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Caregiving and Mental Health: Tips for “When You Don’t Think You Can Face One More Day”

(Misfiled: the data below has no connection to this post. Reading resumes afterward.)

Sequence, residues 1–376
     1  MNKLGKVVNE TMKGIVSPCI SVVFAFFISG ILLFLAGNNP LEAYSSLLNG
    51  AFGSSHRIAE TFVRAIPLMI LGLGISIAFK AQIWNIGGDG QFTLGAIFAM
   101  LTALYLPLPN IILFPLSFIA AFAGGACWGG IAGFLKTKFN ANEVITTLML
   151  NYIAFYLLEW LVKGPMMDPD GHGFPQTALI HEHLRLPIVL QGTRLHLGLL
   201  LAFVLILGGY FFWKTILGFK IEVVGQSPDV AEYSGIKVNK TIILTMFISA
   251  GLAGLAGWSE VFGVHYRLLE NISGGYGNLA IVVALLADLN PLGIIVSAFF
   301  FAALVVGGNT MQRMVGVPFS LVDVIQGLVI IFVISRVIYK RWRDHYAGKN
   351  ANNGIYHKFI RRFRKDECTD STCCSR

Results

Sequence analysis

Nancy Lebrun is a member of the Association of Health Care Journalists and writes frequently on health and wellness. When you are a caregiver, every day can bring a torrent of needs, requests and demands. No matter how much you love someone, caregiving can leave you angry and exhausted. It’s a job few people train for or anticipate. While caregiving can also be a source of satisfaction and purpose, depression among caregivers is well-documented, especially among people who lack support and resources. “The biggest obstacle to getting help is that someone who is feeling depressed will tend to see only the negative side of things, rather than the good that can come out of a break,” says Dr. Steve Zarit, head of the department of human development and family studies at Penn State. If you are a caregiver who’s wondering where your own life went – here are some suggestions to find the help you need and deserve. Give yourself a breather When you aren’t feeling your best, you can’t do your best. If a haircut or massage would be restorative, ask a friend or family member to cover your responsibilities for a few hours. Or make plans with friends to meet for a regular outing, whether it’s for a cup of coffee or dinner and a movie. If you’re melting down, look into respite programs, which provide relief care on an overnight or ongoing basis. Familiarize yourself with the services many communities offer, or use an agency or referral service to get information. You can also look into what’s available through Medicare, which covers respite care when your loved one has a life-threatening illness. Keep in mind that in today’s connected world, you are only a text or call away if you’re needed. Offload the guilt Dealing with guilt feelings is a major hurdle for many caregivers. Disliking a responsibility doesn’t mean you don’t love someone. There’s no need to beat yourself up about having negative feelings toward the duties you’ve taken on. If your loved one can be difficult and “guilt-trips” you, be aware that you may not be able to control their actions, but you can change your reaction to the feelings they can trigger. Be realistic about how much you can do. You’re human. Find emotional support Caregiving can be isolating and lonely. If family and friends don’t seem to understand what you’re going through and cannot or will not help, support groups and mental health professionals can be lifelines when you are feeling overwhelmed. Take steps to locate qualified people who know what you are going through and be there for you. Even if you’ve never considered therapy or other kinds of emotional support, it’s never too late to reach out. Exercise and eat well Don’t underestimate the power of a walk or a workout. All the talk about the psychological benefits of exercise is based on solid research. If your caregiving duties are intensive, get someone to step in for you a few hours a week, or hire outside help if finances allow. If a major workout or a run is not for you, consider stretching class, yoga or tai chi. Diet is as important as exercise when it comes to maintaining good health, which you need to meet your caregiving responsibilities. Now is as good a time as any to revamp the way you eat if it’s less than nutritious. You know what’s healthy and what isn’t, so go for it, and minimize eating on the run or finding solace in food. It’s not weakness, it’s not selfish, and it’s not failure to feel down and need help. “The most important thing caregivers can do when they are feeling depressed or angry – or to prevent depression – is to get help with the care,“ says Zarit. “It can be help from family, friends or paid sources such as in-home care or adult day services, which helps both people–the caregiver and care receiver.” There’s nothing wrong with taking time for yourself; it can help replenish your reserves of patience and energy. Consider becoming your own caregiver for a little while – everyone will benefit.

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